Jeffrey I. Gordon, MD, the Dr. Robert J. Glaser Distinguished University Professor and director of the Edison Family Center for Genome Sciences & Systems Biology at Washington University School of Medicine in St. Louis, has been recognized with the 2023 Albany Medical Center Prize in Medicine and Biomedical Research. Gordon shares this year’s award — given Thursday, Oct. 5, at a ceremony in Albany, N.Y. — with Bonnie L. Bassler, PhD, of Princeton University; and Dennis L. Kasper, MD, of Harvard Medical School.
The scientists’ work has provided fundamental new insights about how our microbiomes — the complex and dynamic communities of microorganisms and their vast arsenal of microbial genes that inhabit different locations in our body — function to shape many aspects of our normal physiology, and in certain circumstances contribute to diseases. The microbiome field has experienced explosive growth, illustrated by the array of publications dedicated to it; the number of microbiome programs created in universities, pharma, and biotech companies; and the microbiome’s growing focus in private and charitable organizations.
“It is a great honor to be recognized together with my esteemed colleagues,” Gordon said. Widely regarded as the father of the field of microbiome research, Gordon received this award for his pioneering work on how variations in gut microbial communities affect health and disease — including the nutritional status of infants and children living in low-income countries — and how this knowledge can yield new approaches for treating the global health challenge of malnutrition. Bassler was recognized for her seminal studies of how bacteria communicate with one another, and Kasper for his discoveries of how the microbiome modulates the activities of the immune system.
In 2000, the Marty and Dorothy Silverman Foundation dedicated $50 million to award the Albany Prize annually for 100 years. According to the foundation, the award is intended to encourage and recognize extraordinary and sustained contributions to improving health care while promoting innovative biomedical research. Forty-eight investigators previously won this award, including three Nobel Prize winners and 10 recipients who went on to win the Nobel Prize.
“Jeff Gordon’s work is motivated by the pressing challenge of improving nutritional status during this period of marked population expansion, myriad challenges to sustainability, increasing health and economic disparities, and geopolitical disruptions,” said David H. Perlmutter, MD, Washington University’s executive vice chancellor for medical affairs and the George and Carol Bauer Dean of the School of Medicine. “Advancing understanding of the role of the gut microbiome in regulating many aspects of human physiology holds the promise of evolving our view of human nutrition by establishing connections between the foods we consume and how they affect health status.”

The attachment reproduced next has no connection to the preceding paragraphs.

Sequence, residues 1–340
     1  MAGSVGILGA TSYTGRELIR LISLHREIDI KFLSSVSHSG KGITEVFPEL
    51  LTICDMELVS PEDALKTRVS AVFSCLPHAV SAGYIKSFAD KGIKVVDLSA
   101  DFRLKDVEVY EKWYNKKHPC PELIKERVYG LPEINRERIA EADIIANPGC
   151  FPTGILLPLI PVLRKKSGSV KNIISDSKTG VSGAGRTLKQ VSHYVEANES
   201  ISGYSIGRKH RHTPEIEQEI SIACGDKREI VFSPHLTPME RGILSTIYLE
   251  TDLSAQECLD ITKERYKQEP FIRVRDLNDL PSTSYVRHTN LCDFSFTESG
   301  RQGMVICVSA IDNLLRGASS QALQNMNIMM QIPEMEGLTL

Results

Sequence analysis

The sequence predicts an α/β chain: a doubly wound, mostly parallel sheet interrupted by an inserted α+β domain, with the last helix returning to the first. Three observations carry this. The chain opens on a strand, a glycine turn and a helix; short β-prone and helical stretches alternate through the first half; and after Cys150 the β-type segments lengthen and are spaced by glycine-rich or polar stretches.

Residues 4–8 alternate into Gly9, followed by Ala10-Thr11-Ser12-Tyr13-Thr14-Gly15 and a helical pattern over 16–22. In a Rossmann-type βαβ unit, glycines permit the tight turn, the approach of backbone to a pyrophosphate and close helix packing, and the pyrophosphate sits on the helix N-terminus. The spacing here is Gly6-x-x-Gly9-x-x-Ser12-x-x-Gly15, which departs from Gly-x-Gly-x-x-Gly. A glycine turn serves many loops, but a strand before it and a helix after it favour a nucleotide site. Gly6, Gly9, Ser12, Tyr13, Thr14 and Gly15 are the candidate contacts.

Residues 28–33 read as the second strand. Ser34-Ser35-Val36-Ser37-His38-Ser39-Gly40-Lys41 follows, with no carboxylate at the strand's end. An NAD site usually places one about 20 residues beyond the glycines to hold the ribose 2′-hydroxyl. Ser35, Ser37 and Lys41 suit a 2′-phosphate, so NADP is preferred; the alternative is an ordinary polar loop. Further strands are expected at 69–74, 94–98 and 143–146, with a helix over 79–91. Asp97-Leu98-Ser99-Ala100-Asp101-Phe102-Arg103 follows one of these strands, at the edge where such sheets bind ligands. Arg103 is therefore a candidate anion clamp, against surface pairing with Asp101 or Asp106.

Gordon’s work has involved collaborations with investigators working in low and middle-income countries. He and his collaborators have shown how disruption of the development of the gut microbial community in infants and children can contribute to malnutrition. The principal and most impactful collaboration — one spanning more than a decade — has been with Tahmeed Ahmed, MBBS, PhD, Director of the International Centre for Diarrhoeal Disease Research, Bangladesh.
They have developed specific therapeutic food formulations — designed with knowledge of how their ingredients nurture the activities of beneficial gut microbes — that can repair the microbiomes of children suffering from malnutrition and help restore their healthy growth. Gordon and his team emphasize the importance of developing therapeutic foods that are also affordable, sustainable and culturally acceptable to local communities.
Since he established his lab, Gordon has served as mentor to 146 doctoral students and postdoctoral fellows. A number of his trainees have become key leaders in human microbiome research.
Gordon has received numerous honors for his extraordinary contributions to the field. Most recently, he was the recipient of the inaugural David and Beatrix Hamburg Award for Advances in Biomedical Research and Clinical Medicine, a newly established honor from the National Academy of Medicine; the Dr. Paul Janssen Award for Biomedical Research; and the Princess of Asturias Award for Technical and Scientific Research, which is among the most prestigious honors in the Spanish-speaking world.